Most small and medium-sized enterprises (SMEs) are waiting months for payment and the situation is unlikely to improve over the next 12 months, warns Gary Green, national sales director at Bibby Financial Services.
Dun & Bradstreet's latest Trade Payments Analysis shows that businesses are waiting nearly eight weeks to be paid by customers, with the average invoice payment time taking 54 days. This has edged up from around 53 days in mid-2011 and compares to 14 or 30 days terms of trade.
"Added to this strain are concerns about Australia's economic growth and the federal election, which have caused many businesses to put on hold their employment and investment plans. That is putting upward pressure on the jobless rate," says Green.
"The current environment is very challenging for directors and management. Most businesses are surviving and not thriving."
Green says cash flow is key. "It is one of the main reasons for business under-performance and failure. It's vital for directors to be close to management on this issue given the personal liability issues around insolvencies. Our recent 'health barometer' found that 81 per cent of small businesses experienced cash flow over the past 12 months."
To pick up early warnings of cash flow stress, Green advises directors to ask these simple questions:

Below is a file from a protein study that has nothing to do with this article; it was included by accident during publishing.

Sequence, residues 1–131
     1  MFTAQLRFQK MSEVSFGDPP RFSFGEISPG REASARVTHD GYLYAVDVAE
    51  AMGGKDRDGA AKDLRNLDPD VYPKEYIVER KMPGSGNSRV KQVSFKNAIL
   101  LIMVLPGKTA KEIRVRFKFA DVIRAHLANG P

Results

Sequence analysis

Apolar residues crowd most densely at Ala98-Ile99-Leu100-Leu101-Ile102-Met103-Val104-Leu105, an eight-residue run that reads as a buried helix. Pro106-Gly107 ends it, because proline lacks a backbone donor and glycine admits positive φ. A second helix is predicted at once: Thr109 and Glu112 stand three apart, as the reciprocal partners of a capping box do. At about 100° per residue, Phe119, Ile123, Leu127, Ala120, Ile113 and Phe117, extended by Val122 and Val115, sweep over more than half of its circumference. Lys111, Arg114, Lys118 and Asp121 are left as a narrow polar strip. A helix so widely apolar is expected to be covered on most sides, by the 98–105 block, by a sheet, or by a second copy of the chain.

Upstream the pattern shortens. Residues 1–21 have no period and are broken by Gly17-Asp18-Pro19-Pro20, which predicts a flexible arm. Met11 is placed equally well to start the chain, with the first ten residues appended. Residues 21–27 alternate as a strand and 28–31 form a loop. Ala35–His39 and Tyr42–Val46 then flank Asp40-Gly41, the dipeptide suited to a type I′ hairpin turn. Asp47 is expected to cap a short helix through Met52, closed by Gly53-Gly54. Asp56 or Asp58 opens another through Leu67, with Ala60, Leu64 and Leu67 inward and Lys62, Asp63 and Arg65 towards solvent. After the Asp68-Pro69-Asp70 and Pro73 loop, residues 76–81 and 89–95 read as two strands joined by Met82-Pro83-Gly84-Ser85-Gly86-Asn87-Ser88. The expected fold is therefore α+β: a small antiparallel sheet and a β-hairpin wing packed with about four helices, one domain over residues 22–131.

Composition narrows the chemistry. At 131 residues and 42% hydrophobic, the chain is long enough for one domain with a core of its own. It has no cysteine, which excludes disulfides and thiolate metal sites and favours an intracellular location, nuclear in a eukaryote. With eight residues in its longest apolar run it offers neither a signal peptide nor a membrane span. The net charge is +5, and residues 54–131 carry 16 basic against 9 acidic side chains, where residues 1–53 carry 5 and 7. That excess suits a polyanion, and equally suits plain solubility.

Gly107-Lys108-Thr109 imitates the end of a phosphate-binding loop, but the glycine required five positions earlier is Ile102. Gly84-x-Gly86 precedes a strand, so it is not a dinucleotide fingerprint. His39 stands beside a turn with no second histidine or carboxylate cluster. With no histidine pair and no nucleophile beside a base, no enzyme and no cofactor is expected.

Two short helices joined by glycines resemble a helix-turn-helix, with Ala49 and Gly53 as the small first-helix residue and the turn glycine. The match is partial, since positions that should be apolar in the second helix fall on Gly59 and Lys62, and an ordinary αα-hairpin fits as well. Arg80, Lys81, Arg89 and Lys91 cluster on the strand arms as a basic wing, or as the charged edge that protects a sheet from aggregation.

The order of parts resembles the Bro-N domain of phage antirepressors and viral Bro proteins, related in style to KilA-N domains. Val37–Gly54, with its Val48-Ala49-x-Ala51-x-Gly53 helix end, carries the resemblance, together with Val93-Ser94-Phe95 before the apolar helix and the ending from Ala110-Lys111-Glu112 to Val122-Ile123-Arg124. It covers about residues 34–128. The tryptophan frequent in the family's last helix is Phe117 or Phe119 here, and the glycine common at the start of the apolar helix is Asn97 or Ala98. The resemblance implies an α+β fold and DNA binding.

- Are our customers paying on time?
- Are our suppliers being paid on time?
- Is there enough free cash flow in the business to ensure our business strategies can be implemented?
- Do we have enough cash to meet our tax obligations?
Here are Green's top seven tips on how to better manage your cash flow:
- Future-proof your business. Ensure you have funding and cash flow certainty going forward through debt or other means.
- Always credit-check your customers and avoid clients with bad credit histories.
- Stop supporting repeat offenders and clients who do not pay.
- Invoice often and as soon as you provide the goods or services. Don’t wait until the end of the month.
- Stay on top of your invoicing. Follow up. Send out statements regularly.
- Keep close to your customers. Get to know them and who needs to be prompted about payments.
- And, if all else fails, understand your rights as owners and directors. And, become au fait with the various means of debt recovery.
Meanwhile, as smaller businesses face increasing pressures in managing their cash flows, new research from East & Partners reveals that their relationships with their banks continues to deteriorate.
East & Partners' bi-monthly Business Banking Index (BBI) shows that businesses in the micro and SME segments continue to lower their assessments of their banking relationships across four key criteria: empathy, satisfaction, loyalty and advocacy.
In the research, conducted in July, the micro business segment BBI figure was 11.3 while that of the SME segment was 17 – both record lows.
Smaller businesses also report that dealing with their banks is becoming more difficult and this is reflected in decreasing demand for additional banking services. Contact with their banks is also infrequent. East & Partners head of markets analysis Lachlan Colquhoun says the new BBI research confirms the almost "two speed" nature of banking relationships.
"We continue to see a big gap between small and large businesses and the quality of their relationships with their banks," says Colquhoun, noting that smaller businesses are actively considering non-bank financing solutions as they show some signs of returning credit demand.
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